In architecture and engineering, joists and trusts are two methods that support weight and provide structural integrity. While much different in design and function, joists and trusses are often used together in construction projects. While joists support the weight of floors and ceilings, trusses have a wide variety of applications, including supporting roofs and in bridge design.
Joists are supports that run between walls or beams to support the weight of floors, roofs and ceilings. A building will typically have a large number of joists, spaced according to building codes to safely distribute weight. Joists can be made of steel, concrete or wood. In residential construction, wood is most common, with engineered wood products called I-joists typically being used in new home construction because of their low price and versatility.
Joists are popular in home construction because they are versatile, cost-efficient, and often easy for contractors to work with. For example, engineered wood joists are typically large enough and strong enough that many holes can be drilled in them in order to run electrical wires and plumbing pipes through without endangering the structural integrity of the floor or ceiling. Joists are often used to construct trusses as well, specifically in building roofs on new homes.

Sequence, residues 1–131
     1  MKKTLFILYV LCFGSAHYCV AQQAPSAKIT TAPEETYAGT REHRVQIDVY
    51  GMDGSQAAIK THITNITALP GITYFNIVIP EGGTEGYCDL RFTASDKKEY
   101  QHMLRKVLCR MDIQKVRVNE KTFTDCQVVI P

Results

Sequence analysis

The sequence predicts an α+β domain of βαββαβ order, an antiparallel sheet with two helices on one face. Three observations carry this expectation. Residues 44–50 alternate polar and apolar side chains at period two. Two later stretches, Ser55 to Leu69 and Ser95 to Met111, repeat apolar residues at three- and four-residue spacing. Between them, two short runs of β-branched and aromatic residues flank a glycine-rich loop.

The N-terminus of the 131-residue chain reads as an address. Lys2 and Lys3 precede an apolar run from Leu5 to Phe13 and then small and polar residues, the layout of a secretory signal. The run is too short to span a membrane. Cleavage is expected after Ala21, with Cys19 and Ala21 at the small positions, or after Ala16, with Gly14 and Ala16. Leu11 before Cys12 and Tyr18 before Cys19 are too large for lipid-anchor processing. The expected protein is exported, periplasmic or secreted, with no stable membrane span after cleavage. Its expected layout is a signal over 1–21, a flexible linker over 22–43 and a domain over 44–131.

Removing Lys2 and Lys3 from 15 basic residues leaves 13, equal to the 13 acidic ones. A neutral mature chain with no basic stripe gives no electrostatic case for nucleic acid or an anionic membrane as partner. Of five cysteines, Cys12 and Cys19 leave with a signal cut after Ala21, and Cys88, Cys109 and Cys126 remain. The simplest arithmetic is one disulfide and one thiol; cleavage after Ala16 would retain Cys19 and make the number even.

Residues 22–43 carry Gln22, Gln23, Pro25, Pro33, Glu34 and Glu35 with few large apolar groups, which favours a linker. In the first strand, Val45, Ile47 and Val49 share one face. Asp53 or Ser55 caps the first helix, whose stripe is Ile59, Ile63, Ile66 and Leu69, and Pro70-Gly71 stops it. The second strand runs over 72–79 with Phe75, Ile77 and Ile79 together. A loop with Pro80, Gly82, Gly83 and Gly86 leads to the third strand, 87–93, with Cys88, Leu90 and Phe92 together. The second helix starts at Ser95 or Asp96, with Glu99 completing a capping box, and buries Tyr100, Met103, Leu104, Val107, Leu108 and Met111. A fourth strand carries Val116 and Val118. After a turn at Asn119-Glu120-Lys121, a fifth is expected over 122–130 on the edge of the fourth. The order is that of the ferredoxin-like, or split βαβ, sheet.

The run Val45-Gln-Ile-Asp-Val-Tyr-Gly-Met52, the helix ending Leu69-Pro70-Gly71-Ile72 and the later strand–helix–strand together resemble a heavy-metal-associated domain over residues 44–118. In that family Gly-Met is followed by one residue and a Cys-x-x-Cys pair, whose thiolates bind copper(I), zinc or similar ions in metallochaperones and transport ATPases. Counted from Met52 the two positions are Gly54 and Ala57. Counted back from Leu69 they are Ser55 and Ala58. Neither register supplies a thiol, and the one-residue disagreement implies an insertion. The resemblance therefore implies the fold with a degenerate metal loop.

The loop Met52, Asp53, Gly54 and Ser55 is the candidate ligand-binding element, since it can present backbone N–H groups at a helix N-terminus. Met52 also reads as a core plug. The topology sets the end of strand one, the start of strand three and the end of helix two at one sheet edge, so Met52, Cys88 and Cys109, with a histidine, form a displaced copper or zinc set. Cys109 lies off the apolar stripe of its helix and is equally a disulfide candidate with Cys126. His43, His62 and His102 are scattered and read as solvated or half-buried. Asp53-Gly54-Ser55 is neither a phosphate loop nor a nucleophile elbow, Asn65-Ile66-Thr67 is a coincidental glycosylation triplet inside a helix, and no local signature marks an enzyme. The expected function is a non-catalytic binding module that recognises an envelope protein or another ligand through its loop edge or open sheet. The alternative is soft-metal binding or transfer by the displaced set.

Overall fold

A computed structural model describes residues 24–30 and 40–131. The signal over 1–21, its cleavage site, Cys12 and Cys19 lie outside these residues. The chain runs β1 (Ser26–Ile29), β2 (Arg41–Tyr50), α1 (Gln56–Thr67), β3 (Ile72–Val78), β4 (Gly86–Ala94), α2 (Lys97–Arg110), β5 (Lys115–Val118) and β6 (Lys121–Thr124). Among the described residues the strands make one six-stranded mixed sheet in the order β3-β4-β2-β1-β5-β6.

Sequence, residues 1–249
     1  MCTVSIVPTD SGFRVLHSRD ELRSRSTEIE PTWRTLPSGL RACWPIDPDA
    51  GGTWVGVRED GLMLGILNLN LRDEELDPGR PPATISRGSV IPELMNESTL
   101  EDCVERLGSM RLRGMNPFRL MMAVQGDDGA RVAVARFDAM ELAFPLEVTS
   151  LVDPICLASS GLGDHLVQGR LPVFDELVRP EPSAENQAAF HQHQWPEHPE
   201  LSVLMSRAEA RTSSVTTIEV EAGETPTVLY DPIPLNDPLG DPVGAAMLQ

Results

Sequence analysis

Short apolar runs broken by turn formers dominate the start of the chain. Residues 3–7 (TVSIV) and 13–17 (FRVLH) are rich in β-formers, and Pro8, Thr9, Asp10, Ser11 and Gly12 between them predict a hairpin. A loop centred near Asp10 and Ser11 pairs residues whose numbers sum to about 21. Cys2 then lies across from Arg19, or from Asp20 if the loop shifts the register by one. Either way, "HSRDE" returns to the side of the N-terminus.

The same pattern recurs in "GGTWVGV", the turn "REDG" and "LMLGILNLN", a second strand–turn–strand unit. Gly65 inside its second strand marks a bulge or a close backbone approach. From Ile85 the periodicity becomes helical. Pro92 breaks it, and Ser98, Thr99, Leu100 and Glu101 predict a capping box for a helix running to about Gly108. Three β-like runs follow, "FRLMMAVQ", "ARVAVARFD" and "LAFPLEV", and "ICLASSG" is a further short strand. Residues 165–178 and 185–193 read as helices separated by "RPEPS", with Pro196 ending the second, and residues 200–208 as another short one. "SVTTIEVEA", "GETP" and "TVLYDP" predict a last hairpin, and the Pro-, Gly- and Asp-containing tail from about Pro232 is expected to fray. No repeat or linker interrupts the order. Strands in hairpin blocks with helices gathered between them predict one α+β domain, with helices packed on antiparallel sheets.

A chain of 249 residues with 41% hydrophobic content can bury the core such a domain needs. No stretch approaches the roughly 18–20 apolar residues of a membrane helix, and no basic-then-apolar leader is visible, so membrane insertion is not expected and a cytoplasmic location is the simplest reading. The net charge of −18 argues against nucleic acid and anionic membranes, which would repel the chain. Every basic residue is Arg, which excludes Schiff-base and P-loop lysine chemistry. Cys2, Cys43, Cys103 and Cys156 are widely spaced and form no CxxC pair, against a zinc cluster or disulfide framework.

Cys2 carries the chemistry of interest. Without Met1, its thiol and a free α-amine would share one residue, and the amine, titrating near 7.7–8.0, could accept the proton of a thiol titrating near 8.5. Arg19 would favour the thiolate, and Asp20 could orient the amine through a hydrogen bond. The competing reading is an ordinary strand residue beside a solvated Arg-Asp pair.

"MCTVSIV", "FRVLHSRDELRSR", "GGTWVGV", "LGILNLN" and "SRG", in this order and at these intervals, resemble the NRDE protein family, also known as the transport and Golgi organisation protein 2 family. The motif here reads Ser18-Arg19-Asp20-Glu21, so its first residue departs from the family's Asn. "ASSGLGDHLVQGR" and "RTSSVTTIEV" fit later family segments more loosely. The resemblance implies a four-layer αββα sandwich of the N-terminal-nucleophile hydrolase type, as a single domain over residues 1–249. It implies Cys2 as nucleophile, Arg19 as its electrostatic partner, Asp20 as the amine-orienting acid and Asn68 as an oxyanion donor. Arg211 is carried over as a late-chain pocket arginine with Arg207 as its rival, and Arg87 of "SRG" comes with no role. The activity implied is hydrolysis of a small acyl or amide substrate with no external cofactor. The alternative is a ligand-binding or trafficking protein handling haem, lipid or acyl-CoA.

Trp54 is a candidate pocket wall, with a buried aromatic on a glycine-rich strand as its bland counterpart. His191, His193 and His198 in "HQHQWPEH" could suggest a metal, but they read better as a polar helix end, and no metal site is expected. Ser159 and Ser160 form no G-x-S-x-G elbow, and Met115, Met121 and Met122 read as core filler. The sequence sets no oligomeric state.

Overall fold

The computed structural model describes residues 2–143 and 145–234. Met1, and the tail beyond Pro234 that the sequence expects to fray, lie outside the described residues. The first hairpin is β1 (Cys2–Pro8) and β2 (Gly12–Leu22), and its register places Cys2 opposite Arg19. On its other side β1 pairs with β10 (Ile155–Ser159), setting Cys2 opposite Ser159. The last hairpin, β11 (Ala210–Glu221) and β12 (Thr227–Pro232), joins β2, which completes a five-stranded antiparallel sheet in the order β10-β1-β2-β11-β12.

A truss is typically made of at least one triangular unit, with straight pieces that connect at locations called "nodes." The simplest type of truss consists of two diagonal beams set against a vertical center beam, but engineers have come up with many variations on the basic concept so that trusses can be used in a wide variety of applications. Trusses are popular because their design allows for a more stable distribution of weight.
Because trusses are versatile and strong, they are used in a number of applications, including home construction and bridge construction. Trusses make excellent roofs because they provide both pitch, which is necessary to keep rain or snow from accumulating, and tensile strength. In bridge design, trusses are useful and popular because they efficiently allow distribute dynamic forces, such as the weight of a passing vehicle, throughout the structure of the bridge without causing buckling or shearing.
John Shortino has written for numerous publications, including the "Philadelphia Inquirer." Some of the subjects he has written about professionally include books, film and business. He is currently pursuing his Master of Fine Arts in creative writing at Temple University.